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How deep is the ocean?

How does nature compare to humans?
This is a 3D rendering of the Mariana Trench.

Mount Everest is the tallest mountain in the world, standing at 29,032 feet, and the Burj Khalifa is the tallest building in the world, standing at 2,716 feet. While these are both massive, how do they compare to the depth of the ocean?

The ocean’s deepest region is known as the Mariana Trench and is located in the Pacific Ocean, over 100 miles east of the island of Mariana. The trench dwarfs the size of the Burj Khalifa and Mount Everest. 

A demonstration of the true scales in question. (academic.brooklyn.)

The depth of the Mariana Trench is 36,201, meaning even when combined the height of Mount Everest and the Burj Khalifa does not equal the depth of the ocean’s deepest region. At a distance of more than seven miles straight down, when venturing in the Mariana Trench, you reach the area designated Challenger Deep, a vast barren landscape so far down light from the sun does not enter blanking the region in 100% darkness. 

The landscape has been described by James Cameron, award-winning movie director and avid diver, as a barren desolate lunar plain. Cameron, in 2012, became the second person in history to reach the bottom of the Mariana trench and set the record for the longest stay at the bottom, staying 3 hours. 

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His exploration discovered 68 new species of animals native only to extremely dark and low-depth environments. Some of them include; a sea cucumber, a squid worm, and a giant, single-celled amoeba as large as a baseball.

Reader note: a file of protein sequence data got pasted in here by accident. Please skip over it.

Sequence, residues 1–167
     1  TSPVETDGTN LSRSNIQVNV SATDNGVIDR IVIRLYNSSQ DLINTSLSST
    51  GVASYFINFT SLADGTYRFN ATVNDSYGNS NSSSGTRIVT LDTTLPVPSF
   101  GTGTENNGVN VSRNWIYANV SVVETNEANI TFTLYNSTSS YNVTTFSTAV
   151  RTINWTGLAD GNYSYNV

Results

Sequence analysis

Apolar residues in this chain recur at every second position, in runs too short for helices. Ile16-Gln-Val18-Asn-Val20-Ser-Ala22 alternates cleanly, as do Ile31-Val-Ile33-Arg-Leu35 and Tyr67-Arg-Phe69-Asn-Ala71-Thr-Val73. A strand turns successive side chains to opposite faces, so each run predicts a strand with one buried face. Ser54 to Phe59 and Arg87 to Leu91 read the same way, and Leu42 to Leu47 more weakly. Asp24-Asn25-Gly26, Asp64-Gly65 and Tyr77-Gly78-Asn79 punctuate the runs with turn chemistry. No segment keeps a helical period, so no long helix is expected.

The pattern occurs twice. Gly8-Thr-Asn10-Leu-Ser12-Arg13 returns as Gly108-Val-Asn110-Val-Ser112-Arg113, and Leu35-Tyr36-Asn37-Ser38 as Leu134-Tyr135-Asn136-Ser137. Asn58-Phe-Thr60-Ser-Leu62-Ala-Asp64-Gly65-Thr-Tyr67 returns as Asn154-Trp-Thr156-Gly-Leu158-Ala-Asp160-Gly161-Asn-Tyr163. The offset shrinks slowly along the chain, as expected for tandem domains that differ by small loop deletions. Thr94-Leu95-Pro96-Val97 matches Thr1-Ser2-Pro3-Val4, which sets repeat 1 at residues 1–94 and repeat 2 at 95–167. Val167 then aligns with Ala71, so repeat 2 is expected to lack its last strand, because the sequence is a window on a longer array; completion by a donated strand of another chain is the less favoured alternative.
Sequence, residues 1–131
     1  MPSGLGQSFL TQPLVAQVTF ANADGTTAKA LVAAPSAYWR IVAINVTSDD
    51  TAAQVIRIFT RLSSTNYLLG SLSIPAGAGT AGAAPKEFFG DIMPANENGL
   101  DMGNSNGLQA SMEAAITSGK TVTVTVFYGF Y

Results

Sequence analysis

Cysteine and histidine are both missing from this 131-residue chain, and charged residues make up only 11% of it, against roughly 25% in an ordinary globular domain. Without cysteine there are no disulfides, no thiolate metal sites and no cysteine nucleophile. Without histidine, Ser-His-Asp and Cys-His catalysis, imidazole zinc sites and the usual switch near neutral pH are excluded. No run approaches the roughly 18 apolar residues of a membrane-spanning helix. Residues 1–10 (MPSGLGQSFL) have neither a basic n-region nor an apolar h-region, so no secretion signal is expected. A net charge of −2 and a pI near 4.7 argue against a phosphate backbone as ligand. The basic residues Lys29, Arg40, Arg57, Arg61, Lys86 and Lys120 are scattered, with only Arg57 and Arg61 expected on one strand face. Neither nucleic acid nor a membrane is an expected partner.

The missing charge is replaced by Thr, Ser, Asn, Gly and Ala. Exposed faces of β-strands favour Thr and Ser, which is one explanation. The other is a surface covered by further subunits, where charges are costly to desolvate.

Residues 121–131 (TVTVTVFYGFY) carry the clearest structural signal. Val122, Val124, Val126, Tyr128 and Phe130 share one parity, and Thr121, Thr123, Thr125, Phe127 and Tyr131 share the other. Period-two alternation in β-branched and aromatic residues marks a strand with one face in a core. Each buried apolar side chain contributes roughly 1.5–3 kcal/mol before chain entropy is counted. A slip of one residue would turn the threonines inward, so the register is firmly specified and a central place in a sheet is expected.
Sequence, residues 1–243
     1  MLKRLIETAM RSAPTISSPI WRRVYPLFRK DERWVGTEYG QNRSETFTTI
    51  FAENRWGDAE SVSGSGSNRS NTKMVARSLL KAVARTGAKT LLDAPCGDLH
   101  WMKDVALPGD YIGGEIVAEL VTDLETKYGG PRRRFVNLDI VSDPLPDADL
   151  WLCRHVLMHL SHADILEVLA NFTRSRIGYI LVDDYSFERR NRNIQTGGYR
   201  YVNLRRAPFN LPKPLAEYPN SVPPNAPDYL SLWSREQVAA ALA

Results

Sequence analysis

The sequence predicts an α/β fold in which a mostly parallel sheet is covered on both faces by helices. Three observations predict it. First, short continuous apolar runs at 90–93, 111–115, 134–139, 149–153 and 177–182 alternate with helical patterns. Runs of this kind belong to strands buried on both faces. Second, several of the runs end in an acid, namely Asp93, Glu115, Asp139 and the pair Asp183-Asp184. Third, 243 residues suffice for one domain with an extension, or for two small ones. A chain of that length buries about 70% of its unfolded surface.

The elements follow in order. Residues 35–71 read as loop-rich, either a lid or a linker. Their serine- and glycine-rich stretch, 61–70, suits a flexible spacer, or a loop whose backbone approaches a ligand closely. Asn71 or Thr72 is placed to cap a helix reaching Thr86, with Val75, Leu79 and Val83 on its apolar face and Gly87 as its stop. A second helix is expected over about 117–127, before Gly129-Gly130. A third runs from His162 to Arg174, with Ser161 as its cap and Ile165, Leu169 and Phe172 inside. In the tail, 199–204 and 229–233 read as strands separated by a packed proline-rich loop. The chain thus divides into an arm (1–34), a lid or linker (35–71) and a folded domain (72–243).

In the trench also exists unique types of algae adapted to not having sunlight; instead these organisms are heterotrophs and rely on consuming dead organisms that flow to them. No human has ever been down there in scuba gear because the pressure down there equals over 16,000 PCI, a human can handle 15 PSI before health complications arise.

Scientists estimate human bones would be crushed in 100 milliseconds at the depth of the bottom of the trench. Because the trench is not reached by the sun the water temperature is allowed to rapidly decrease and increase, the temperature of the water is 34 to 39 degrees, enough to induce hypothermia in less than a minute. 

The temperature can also increase up to 700 degrees which would be enough to almost instantly boil a human. The temperatures are so rapidly different because of the geography of the trench itself. 

The bottom of the Mariana Trench. (Atlantic Productions.)

The bottom of the trench is riddled with hot boiling water geysers, called hydrothermal vents. These vents were formed about 140 million years ago. Water that seeps into cracks in the earth’s mantle is then heated by the earth’s core. 

The hot water rises and shoots out of the crack forming a geyser. These hydrothermal vents are very similar to those found at Yellowstone National Park. The results of these findings paint a picture of a horrifically violent environment, one that is volatile and unpredictable.

But surprisingly one that animals have still dared to inhabit through the utilization of adaptations and the pure will to survive and thrive. The depth of the ocean is almost incomprehensible and opens the question over what else lies in the deepest part of the ocean that is for the future to uncover.


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About the Contributor
Matthew Gemme
Matthew Gemme, Staff Reporter
I am a junior at Sutton. That is all you get.

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